August 30, 1999
The 21 and 1/2-hour broadcast, shown on some 200 stations, has become a Labor Day tradition, and this year will offer the first live multilingual Webcast, providing real-time Internet programming as streaming video in English, Spanish, and Japanese at www.mdausa.org.
Raising a record $51.5 million in pledges and contributions in 1998, the Telethon is watched by some 75 million viewers in the U.S. and Canada and by Internet users from 64 countries.
Funds raised during the show help the fight against 40 neuromuscular diseases by supporting basic and applied research, a comprehensive program of medical and support services, and far-reaching professional and public education.
Children and adults with neuromuscular diseases in communities nationwide benefit directly from public support of the Telethon. For example, some 230 MDA-supported clinics offer medical care, physical therapy, and flu shots.
MDA also sponsors 85 free summer camps for more than 4,000 youngsters with neuromuscular diseases across the country. Support groups for family members, along with assistance with the purchase and repair of wheelchairs and leg braces, are other MDA programs made possible by Telethon-generated donations.
The show was inaugurated on Labor Day weekend in 1966 and broadcast by only one station in New York City. It was the first televised fund-raising event of its kind to raise more than $1 million in pledges. The Telethon grew steadily, and by 1970, it was carried by 65 stations nationwide. In 1998, it became the first worldwide telethon, when an Internet simulcast of the national broadcast, hosted by AT&T and RealNetworks, was seen on MDA's website.
In 1996, the American Medical Association presented Jerry Lewis and MDA with Lifetime Achievement Awards for "significant and lasting contributions to the health and welfare of humanity." Parents Without Partners, Inc. International recognized both Lewis and MDA with 1997 Distinguished Service to Children Awards.
MDA-funded scientists have made major advances that have put treatments or cures for neuromuscular disorders in sight. They've also pioneered significant advances that may lead to therapies for heart disease, cancer, AIDS, Alzheimer's, Huntington's, Parkinson's, and cystic fibrosis. Recently, MDA researchers have secured permission from the Food & Drug Administration to proceed with a safety trial of gene therapy for a form of limb-girdle muscular dystrophy--the culmination of several years of effort.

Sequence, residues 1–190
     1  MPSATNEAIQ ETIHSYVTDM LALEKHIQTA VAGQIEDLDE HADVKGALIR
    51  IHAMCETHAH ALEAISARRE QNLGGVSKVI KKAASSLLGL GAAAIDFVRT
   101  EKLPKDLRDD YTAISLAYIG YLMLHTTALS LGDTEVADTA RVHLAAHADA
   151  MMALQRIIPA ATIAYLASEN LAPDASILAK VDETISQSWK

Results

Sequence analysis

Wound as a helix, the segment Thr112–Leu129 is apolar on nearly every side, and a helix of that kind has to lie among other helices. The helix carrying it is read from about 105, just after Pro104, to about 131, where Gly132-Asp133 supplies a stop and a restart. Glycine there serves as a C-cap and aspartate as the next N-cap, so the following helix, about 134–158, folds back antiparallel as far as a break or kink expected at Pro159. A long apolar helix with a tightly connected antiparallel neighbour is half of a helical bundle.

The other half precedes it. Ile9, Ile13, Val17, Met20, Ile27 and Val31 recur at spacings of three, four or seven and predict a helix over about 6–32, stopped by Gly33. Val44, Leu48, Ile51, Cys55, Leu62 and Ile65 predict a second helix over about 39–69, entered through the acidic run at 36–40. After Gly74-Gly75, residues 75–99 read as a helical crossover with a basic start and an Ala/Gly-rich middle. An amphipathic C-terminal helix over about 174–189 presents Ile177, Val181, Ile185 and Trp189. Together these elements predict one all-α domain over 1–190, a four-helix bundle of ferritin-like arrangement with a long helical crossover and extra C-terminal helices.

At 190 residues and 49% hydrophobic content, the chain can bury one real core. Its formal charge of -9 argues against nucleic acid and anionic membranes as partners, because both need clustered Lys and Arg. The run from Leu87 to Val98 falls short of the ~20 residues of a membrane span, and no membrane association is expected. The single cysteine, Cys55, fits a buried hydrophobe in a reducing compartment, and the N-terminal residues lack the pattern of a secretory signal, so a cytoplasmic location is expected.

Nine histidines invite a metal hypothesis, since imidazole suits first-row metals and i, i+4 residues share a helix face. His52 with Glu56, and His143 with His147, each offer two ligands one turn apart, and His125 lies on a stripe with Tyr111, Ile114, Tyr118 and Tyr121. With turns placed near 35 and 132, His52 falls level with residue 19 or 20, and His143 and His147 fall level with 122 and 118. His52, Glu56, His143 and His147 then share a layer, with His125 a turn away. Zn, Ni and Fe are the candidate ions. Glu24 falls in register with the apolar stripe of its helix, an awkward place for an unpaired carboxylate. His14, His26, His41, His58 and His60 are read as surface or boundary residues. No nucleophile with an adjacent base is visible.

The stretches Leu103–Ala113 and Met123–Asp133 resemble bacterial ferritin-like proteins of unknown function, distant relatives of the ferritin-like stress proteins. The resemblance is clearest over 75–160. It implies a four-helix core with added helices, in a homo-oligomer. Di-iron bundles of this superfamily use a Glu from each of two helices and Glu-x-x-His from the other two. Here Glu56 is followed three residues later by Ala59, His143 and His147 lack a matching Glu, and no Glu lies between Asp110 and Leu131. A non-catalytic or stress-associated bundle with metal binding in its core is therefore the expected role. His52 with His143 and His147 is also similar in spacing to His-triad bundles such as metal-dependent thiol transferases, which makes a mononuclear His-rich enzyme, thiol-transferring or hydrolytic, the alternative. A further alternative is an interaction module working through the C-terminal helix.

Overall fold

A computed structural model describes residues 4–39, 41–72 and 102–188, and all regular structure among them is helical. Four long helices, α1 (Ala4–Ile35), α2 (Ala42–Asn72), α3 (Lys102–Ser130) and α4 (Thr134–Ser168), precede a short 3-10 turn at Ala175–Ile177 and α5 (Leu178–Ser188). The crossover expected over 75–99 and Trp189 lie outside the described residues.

MDA grantees are developing techniques that may make gene therapy possible in several genetic neuromuscular diseases. They have assisted with development and testing of potential drug therapies for Lou Gehrig's disease; investigated the potential beneficial effects of creatine in increasing muscle strength in several neuromuscular diseases; pinpointed gene defects that cause dozens of specific neuromuscular disorders; developed genetic tests for several neuromuscular diseases, including FSH muscular dystrophy and spinal muscular atrophy; investigated heart problems in several types of muscular dystrophy, including myotonic dystrophy; pursued improved treatments for autoimmune diseases, including myasthenia gravis; and tested potential new drug therapies for several neuromuscular disorders.
Over the years, entertainers, athletes, and leaders in business, government, and civic affairs have participated in the Telethon and taken part in other MDA fund-raising events. Among them are Ed McMahon, longtime Telethon anchor and national MDA vice-president; actress Ann-Margret, chairperson of MDA's Myasthenia Gravis Division; and singer Maureen McGovern, chairperson of MDA's Polymyositis/Dermatomyositis Division, who also serves as an MDA national vice-president. Other luminaries serving as MDA national vice-presidents include sports greats Earvin "Magic" Johnson, Brad Johnson, and Bart Conner; editor Walter Anderson; entertainers Max Alexander, Jann Carl, Carrot Top, Charo, Cynthia Garrett, Wynton Marsalis, and Casey Kasem; International Association of Firefighters president Al Whitehead; and renowned heart surgeon Dr. Michael E. DeBakey.
Jerry Lewis has been MDA's number-one volunteer for nearly 50 years.
Anyone interested can get information on how to help MDA as a volunteer or sponsor by calling 1-800-572-1717, or by visiting MDA online at www.mdausa.org.